He said there are places that border security cannot patrol.

“And you know what, the bad guys know that too,” said Mullin.

He said that both Democrats and Republicans are generating ideas and suggestions on the subject.

“Both sides are trying to be a champion. Both sides have valid points that have been lost in political jargon,” said Mullin. “We need a solution that works for the country, not one party.”

He said there is a generation of people immigrating into the country who want to be law abiding, patriotic voters and those individuals can hold their family accountable.

“We need to not lose this generation. We need a solution that is not swayed by a political platform, it's as simple as that,” he said.

Discussion segued from there to the topic of an official language. A citizen said that 86 percent of Americans would like to have English declared the official language.

“I have absolutely no problem with that, it's the only language I know,” Mullin said. “People coming into our country should learn English. If I was traveling to another country I would show them the courtesy of learning their language.”

The point was made that business finances could be more efficient if the business did not have to become a bilingual company.

Mullin told a personal story about a job site, of his plumbing company being declared a bilingual job site by the Occupational Safety and Health Administration. The result was that all equipment had to be pulled off the site to be equipped with English adn Spanish instruction and safety stickers.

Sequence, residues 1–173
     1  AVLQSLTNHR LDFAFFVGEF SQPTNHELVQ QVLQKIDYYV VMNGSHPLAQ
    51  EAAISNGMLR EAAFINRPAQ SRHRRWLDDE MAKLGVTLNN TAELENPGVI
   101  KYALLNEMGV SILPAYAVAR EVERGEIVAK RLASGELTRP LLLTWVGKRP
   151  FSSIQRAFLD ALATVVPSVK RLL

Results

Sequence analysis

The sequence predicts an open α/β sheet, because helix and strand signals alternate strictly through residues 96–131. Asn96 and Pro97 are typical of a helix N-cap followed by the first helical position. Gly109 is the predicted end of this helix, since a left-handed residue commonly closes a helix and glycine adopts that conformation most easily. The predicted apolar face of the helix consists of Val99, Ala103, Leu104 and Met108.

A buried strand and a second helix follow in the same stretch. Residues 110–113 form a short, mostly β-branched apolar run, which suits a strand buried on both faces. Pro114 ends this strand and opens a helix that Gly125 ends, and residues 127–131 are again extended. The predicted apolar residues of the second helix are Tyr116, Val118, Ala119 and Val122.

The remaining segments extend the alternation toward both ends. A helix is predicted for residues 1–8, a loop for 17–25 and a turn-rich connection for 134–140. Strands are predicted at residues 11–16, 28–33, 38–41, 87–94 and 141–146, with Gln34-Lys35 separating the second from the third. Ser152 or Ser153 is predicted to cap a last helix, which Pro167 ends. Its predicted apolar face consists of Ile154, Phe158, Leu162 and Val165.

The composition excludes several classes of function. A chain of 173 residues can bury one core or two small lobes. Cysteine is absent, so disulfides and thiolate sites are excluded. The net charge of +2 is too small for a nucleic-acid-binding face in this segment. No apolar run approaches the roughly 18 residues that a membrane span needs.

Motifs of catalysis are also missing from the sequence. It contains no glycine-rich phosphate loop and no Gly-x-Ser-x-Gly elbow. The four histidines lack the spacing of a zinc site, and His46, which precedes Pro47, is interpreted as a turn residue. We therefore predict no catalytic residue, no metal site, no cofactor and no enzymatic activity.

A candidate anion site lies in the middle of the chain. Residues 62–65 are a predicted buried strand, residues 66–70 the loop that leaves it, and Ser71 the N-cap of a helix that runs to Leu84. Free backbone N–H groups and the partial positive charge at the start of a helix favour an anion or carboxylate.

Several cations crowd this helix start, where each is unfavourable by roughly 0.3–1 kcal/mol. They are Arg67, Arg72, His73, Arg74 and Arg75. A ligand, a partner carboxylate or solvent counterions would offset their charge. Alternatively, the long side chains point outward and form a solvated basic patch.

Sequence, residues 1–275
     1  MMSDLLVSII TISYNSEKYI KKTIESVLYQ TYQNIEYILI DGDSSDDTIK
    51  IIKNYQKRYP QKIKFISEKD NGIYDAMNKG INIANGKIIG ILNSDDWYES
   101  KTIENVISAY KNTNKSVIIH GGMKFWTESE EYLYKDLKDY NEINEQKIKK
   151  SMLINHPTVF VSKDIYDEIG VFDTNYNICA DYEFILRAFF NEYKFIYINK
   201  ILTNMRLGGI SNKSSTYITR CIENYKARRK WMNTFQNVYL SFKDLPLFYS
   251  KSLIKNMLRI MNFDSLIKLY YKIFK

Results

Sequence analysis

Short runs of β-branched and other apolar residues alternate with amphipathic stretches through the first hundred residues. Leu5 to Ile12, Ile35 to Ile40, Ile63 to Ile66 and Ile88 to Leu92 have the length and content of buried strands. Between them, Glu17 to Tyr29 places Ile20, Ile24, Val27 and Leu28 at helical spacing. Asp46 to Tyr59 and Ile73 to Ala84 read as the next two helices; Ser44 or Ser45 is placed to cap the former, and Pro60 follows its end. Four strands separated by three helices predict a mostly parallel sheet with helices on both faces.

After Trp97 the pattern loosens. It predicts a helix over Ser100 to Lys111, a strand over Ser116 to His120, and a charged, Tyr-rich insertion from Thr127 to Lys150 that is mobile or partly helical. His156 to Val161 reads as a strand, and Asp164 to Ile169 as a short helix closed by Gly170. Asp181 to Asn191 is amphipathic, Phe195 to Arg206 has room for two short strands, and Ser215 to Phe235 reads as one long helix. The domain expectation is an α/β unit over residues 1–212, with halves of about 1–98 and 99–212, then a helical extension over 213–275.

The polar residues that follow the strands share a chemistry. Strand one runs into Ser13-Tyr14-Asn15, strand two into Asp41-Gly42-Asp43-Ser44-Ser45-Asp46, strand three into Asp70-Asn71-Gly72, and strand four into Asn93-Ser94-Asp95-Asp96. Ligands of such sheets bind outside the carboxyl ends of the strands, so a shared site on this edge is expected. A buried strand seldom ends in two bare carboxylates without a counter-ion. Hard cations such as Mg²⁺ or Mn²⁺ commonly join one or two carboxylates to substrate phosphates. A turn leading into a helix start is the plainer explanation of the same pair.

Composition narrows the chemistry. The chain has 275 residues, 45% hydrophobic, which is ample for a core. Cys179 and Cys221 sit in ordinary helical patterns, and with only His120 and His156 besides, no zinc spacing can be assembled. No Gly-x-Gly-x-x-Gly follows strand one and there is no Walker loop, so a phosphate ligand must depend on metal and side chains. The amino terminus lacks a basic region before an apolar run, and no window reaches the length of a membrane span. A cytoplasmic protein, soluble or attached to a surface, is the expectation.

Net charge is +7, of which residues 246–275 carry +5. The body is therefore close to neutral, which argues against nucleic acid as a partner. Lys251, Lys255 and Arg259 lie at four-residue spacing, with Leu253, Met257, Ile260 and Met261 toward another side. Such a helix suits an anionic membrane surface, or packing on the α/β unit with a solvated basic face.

“I called to order the stickers and found out they didn't even exist, so we had to wait to have them printed. In the mean time, the job site was closed for three days which meant our company lost money and time, the client lost time and our crews lost three days of work,” said Mullin. “So I know first-hand how expensive it is for a company.”

He said decisions have been made not to declare an official language because politicians are “pandering for the Hispanic vote.”

“Is there any way to stop the bleeding of the military before we have a hollow military like the Carter administration?” Mullin was asked, changing gears again.

“I think sequestration was the government at it's best,” Mullin said. “Everyone agrees we have got to cut spending. I for one don't want a weaker military. Personally, I want us to have more nukes than the Russians. I want us to always have more than the other guy.”

Mullin said the discussion on this topic has been on-going at the Capitol and right now there is no clear solution. He said every dollar given to the military is assigned to one specific project and can only be used on that project. Should the project be cancelled, the money is left in limbo, unable to be reallocated. As a result, the restrictions were taken off and new problems arose.

The town hall meeting concluded with a question about abortion. Mullin was asked his opinion on the subject and if anything can be done to make getting abortions more difficult.

“I don't understand the argument that abortion is OK if the child would otherwise be born into a bad situation,” said Mullin. “My girls (adopted) were born into a bad situation and now they are blessing my family every day.”

Mullin then thanked Chouteau for having him and shook hands on his way out the door.